MeselsonWiegle

MeselsonWiegle - c +, and + mi ) results in a different...

Info iconThis preview shows page 1. Sign up to view the full content.

View Full Document Right Arrow Icon
The Meselson and Wiegle Experiment Experiments beginning in the 1940s where E. coli B strain bacteria were coinfected with two rII mutant bacteriophage resulting in progeny that could produce plaques on a lawn of E. coli K provided the first genetic evidence for recombination. The first physical evidence of recombination came from experiments by Matthew Meselson and Jean Weigel in 1961 (see slide 4 of the Recombination slide set: Griffiths fig 19-2). They used two strains of a bacteriophage called lambda ( λ ) which contains a linear DNA genome. One strain was wild type for the genetic markers c and mi and the other had mutations at both of these sites. They grew the mutant c mi phage in media containing “heavy” carbon ( 14 C) and nitrogen ( 15 N), while the + + wild type phage was cultured in media consisting of “light” isotopes of these elements. Both wild type and mutant phage of these strains produce plaques but each combination (+ +,
Background image of page 1
This is the end of the preview. Sign up to access the rest of the document.

Unformatted text preview: c +, and + mi ) results in a different plaque morphology. After coinfecting E. coli with both strains of λ , progeny phage were isolated from plaques and separated according to their varying densities using a cesium chloride centrifugation. When the centrifugation was completed, a smear of phage bands was observed in the centrifuge tube (a single band is normally observed when bacteriophage of the same size/density are centrifuged through a cesium chloride gradient). Intermediate bands were carefully removed by inserting a fine needle through the centrifuge tube. After several washing steps to remove all of the cesium chloride, phage from individual intermediate bands were used to infect E. coli . Some of the resulting plaques had morphology consistent with a c + genotype, indicating that a physical exchange of light and heavy DNA had occurred in the formation of the recombinant phage....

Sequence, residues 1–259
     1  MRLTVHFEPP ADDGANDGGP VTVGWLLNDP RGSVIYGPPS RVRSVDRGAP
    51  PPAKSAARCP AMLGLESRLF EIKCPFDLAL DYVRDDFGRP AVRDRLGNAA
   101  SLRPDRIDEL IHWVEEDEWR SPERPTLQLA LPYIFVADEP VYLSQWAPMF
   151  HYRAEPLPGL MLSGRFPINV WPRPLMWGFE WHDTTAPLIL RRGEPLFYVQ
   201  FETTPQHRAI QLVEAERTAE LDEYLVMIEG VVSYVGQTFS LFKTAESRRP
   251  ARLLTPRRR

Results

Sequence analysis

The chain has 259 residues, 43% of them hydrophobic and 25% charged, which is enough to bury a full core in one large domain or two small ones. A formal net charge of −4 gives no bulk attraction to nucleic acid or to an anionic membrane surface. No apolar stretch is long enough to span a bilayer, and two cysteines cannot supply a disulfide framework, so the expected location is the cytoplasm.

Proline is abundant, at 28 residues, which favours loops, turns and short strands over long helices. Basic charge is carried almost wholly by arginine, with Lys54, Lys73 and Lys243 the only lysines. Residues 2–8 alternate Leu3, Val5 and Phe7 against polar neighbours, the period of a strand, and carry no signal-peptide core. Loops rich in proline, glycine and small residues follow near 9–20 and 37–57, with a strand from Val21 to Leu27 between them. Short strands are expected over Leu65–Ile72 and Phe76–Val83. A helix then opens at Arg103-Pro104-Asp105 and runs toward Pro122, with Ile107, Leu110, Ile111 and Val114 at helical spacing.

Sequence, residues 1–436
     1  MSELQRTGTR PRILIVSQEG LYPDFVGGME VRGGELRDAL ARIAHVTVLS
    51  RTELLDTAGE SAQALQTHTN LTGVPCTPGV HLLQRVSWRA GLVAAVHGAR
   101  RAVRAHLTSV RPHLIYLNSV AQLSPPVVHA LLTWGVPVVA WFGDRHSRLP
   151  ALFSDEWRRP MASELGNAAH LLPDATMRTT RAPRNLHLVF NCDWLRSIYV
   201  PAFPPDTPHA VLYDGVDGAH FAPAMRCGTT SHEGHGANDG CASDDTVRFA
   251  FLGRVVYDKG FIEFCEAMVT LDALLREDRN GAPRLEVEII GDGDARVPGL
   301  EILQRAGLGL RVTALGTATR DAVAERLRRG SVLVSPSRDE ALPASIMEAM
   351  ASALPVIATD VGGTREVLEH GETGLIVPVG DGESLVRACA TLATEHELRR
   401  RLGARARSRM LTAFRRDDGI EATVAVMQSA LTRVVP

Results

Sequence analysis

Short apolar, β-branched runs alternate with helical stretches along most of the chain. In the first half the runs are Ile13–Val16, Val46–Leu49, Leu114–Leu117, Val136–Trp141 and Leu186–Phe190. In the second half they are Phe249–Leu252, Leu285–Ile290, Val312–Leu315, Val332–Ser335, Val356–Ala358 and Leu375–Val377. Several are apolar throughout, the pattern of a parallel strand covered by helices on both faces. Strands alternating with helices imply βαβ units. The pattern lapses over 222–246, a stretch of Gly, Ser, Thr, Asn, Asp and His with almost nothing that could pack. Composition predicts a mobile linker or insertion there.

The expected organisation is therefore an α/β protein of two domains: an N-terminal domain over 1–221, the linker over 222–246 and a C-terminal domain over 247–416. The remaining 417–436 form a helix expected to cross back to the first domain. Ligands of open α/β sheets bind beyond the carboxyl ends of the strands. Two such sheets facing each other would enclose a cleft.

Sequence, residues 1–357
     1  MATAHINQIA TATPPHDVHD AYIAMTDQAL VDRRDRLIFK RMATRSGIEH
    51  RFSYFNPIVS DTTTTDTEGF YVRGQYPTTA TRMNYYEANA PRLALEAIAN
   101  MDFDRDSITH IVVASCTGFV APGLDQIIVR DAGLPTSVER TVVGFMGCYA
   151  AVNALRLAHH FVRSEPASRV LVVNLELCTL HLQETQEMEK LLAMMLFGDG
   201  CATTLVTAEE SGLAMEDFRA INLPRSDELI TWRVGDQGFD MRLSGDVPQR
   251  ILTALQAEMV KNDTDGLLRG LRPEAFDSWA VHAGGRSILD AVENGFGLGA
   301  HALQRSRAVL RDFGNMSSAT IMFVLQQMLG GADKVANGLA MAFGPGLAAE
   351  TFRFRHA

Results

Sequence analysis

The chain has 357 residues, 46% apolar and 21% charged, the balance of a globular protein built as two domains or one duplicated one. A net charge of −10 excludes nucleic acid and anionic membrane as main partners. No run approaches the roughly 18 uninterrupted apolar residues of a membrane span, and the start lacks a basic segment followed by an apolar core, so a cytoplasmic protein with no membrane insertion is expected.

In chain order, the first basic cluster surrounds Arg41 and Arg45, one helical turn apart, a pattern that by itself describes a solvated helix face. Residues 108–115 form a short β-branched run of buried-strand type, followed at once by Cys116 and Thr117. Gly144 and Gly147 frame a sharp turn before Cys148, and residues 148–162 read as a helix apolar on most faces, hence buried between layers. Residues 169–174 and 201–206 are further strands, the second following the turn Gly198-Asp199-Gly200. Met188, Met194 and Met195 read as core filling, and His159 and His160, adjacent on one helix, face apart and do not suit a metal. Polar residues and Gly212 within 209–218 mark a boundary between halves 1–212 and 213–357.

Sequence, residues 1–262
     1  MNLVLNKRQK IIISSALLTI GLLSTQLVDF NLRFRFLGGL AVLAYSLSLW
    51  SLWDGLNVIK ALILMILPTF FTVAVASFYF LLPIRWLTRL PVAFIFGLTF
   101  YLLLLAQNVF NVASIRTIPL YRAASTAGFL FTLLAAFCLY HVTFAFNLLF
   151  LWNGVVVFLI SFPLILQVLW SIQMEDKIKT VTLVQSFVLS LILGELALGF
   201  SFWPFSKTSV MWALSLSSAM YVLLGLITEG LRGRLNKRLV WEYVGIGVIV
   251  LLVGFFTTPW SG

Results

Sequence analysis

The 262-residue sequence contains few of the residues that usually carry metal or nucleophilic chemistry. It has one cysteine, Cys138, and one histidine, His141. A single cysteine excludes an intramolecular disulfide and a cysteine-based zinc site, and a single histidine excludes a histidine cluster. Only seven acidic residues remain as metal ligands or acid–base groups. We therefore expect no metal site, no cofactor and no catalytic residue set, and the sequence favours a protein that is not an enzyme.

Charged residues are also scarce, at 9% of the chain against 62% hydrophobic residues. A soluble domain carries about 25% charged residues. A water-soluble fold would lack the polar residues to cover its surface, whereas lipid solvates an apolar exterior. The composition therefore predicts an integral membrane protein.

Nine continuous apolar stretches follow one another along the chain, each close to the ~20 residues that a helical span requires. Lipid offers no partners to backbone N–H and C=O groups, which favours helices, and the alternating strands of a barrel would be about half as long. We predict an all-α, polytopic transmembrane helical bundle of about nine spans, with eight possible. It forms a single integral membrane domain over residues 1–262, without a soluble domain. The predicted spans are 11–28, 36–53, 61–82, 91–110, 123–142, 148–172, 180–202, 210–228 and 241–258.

View Full Document

This note was uploaded on 05/17/2011 for the course MCDB 101A taught by Professor Thrower during the Spring '08 term at UCSB.

Ask a homework question - tutors are online